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July 17, 2019 Fiction

The Tire Swing Incident

Matthew Stephen Sirois

The Tire Swing Incident photo

We first heard about them from an online news magazine, one of those articles that appears in your feed and makes you wonder what bullshit you clicked in the recent past that’s led to the bullshit before you. It was a night which felt very much like a Wednesday. 

I read the article and passed her the phone. We both watched the grainy, black-and-white footage that accompanied the piece in five-minute snippets. We heard the Navy pilots—clearly young, white dudes who, I’m sure, were talented flyers and well trained, but who nevertheless said things like Fuuuck, man! and Target it, bro! Get a lock on that shit! through their cockpit radios. The footage was indiscernible: a white dot, like a ping-pong ball, moved across a field of gray, while arcane aeronautical figures decorated the four corners of the screen. Sometimes a digital box would appear and hover over the ball, follow it for a moment, and then evaporate.

“This could be anything,” she said, which was true.

“I think the footage is from far away. I’m sure it means more to a pilot.”

The magazine article told us that these were U.F.Os. Each one was in excess of four hundred feet in length. They moved at speeds exceeding MACH-30. They turned, suddenly, creating G-forces too excessive for a body to withstand. “… would turn a human pilot into applesauce,” was the offered description, which I found gratuitous. They looked just like gigantic, white Tic-Tacs.

She didn’t believe it.

“Where was this published?”

“Does it matter?” I said. “Crazy it only has five likes, though.”

“It’s banal.” She handed the phone back, looked around, reached for her own. “Everything’s banal, now. If we can imagine it, then it’s not surprising.” 

We fucked that night, which surprised me. She turned toward me in bed, with that I’m receptive look. Something that evening had reminded her that I was alive, but I didn’t necessarily believe she was right. It took twenty minutes, and afterward I told her that I liked what she’d done with her feet. 

*

The following day, I take the kid to school. I say, “Good morning!” quite successfully to the four other parents I pass on the paved walkway, and then kiss my little girl in the door of her classroom. She locks her arms around my neck, and, like every morning drop-off, I feel the pressure of tears welling around the bridge of my nose. I tell her not to forget there are sneakers in the purple bag for gym class.

The radio news on my drive to work describes a massive blackout in Buenos Aires. Something atmospheric, something about magnetic field radiation. It’s difficult to ascertain the cause, the anchorwoman says. Any updates that come in after the broadcast can be found on their website.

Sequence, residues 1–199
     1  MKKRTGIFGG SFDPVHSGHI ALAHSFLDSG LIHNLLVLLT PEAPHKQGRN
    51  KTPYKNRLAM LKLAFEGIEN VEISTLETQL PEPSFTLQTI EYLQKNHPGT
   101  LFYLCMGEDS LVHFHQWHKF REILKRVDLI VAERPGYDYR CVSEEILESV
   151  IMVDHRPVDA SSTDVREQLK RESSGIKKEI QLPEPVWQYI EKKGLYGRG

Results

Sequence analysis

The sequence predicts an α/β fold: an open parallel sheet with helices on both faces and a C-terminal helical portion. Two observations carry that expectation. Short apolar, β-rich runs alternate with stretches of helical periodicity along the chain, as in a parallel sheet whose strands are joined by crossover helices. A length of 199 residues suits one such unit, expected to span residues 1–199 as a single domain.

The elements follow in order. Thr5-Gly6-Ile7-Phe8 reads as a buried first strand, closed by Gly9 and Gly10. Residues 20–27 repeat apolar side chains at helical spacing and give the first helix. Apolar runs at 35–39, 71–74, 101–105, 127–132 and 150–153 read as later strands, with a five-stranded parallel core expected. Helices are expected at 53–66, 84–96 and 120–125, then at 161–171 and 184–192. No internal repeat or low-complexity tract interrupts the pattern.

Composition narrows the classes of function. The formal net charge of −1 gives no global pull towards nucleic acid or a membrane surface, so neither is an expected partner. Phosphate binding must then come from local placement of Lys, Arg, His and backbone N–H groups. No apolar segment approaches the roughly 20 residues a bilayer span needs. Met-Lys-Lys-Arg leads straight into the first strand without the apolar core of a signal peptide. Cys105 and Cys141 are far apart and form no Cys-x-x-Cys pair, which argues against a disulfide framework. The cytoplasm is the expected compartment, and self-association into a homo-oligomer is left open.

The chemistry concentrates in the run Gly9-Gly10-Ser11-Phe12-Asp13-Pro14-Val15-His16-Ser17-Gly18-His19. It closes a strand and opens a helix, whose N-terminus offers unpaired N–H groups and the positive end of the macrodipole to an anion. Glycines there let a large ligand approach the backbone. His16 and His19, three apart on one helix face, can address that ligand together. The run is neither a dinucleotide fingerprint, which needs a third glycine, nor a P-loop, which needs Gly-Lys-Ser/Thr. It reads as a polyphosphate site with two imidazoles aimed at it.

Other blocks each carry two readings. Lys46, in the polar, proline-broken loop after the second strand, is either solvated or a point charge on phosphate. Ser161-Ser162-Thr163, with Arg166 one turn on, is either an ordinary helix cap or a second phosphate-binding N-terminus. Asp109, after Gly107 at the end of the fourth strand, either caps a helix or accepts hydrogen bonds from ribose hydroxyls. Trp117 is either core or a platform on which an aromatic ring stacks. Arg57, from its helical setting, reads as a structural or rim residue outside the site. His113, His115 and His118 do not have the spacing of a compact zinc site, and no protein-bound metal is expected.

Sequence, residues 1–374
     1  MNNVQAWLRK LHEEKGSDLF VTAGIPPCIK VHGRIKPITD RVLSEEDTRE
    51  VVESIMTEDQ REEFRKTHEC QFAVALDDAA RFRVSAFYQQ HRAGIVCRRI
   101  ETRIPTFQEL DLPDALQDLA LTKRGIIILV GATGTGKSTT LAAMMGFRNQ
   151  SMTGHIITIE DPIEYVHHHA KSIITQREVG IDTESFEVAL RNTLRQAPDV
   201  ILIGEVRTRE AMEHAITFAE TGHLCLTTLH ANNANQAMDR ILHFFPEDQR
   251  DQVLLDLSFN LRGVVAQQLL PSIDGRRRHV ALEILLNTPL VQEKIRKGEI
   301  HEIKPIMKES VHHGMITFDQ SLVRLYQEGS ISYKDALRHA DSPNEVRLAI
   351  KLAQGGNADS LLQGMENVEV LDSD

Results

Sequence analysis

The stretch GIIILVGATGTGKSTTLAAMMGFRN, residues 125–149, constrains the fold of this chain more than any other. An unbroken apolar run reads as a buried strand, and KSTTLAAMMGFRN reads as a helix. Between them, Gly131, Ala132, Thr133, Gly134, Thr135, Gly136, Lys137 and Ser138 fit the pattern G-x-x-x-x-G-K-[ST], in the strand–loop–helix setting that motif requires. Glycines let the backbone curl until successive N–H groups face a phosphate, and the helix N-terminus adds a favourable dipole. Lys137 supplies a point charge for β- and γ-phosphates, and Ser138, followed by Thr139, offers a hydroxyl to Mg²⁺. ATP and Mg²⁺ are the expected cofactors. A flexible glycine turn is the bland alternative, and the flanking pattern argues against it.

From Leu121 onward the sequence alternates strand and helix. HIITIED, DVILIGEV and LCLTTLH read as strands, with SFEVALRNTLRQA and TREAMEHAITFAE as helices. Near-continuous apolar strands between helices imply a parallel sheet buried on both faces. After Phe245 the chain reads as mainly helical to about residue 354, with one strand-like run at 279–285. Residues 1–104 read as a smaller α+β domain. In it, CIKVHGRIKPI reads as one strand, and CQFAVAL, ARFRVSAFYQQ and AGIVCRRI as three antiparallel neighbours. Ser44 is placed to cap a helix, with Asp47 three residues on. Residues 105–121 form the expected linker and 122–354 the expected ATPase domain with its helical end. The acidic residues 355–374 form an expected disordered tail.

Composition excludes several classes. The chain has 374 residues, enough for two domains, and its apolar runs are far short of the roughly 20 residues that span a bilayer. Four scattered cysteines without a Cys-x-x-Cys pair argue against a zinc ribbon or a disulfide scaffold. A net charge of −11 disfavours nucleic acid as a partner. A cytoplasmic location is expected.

I’d done a tricky thing the day before, which was most likely a Wednesday. I’d managed to machine a perfect, ninety-degree, beveled interior angle into a decorative brass fixture and my boss is there holding the piece when I arrive. He has a genuine-looking smile on his face. He asks how I’d persuaded the CNC mill to make such a cut, and I explain my approach. He says, “You’re a smart cookie,” because the operation has saved his shop maybe six hours of meticulous handwork. 

I reward myself with a cigarette. Cars go by. Some of the drivers look at me. Some don’t. Like flying fists: cars that kill people, people that die in cars. Just trying to beat the clock. I begin to notice my fear, and as the yellow cigarette paper meets my yellow fingers, I see that my hands are shaking. I carry the cigarette into a bathroom. Not the convenient bathroom, but the one off the back hallway with a lock on the door. I drop my cigarette into the toilet, close the lid, sit on the toilet, and rest my head against the nearby wall. I count multiples of seven and listen to the ventilation fan until the fear and the happiness go away.

I cook that night. Blackened cod for us, and just lemon-salt cod for the kid. The little, knotted rolls from the market which I buy when I’m feeling hurried. Asparagus, which I overcook, evidently, because she won’t touch it. The kid doesn’t eat the fish and my wife doesn’t eat the asparagus and I don’t eat much of anything. 

“Did you hear about Buenos Aires?” she asks.

“Something, but I was only half-listening,” I say, anticipating some kind of punishment. “What’s up?”

It isn’t only that Buenos Aires is gone. It’s also Kuala Lumpur, Kandahar, and—most perplexingly—Helsinki. Drone images on the television reveal acres and acres of land that has been…scrubbed, I guess, is the best word. 

The land looks like those salt flats in the southwest where speed records are made. Rocket cars, rocket bikes, tearing over the light-bleached expanse. That kind of thing. But in these cases, there are no fissures or cracks, no indication that the flatness is the result of some ancient lake having evaporated. Just a blank, white flatness. So perfectly flat, in fact, that you can see the drone’s reflection shimmering below in each aerial video. Hi, the little robots seem to be saying, I’m reporting to you live from the most complete genocide perpetrated in recent memory. 

The news anchor—it’s a local broadcast—talks about all this like a curiosity. He might as well be discussing a beached pod of whales, with his Isn’t life so mysterious? tone. “White sand … It’s a heck of a thing to look at, isn’t it, Janine?” I can’t tell if he’s sincerely an idiot, or if idiocy is just what he imagines we want.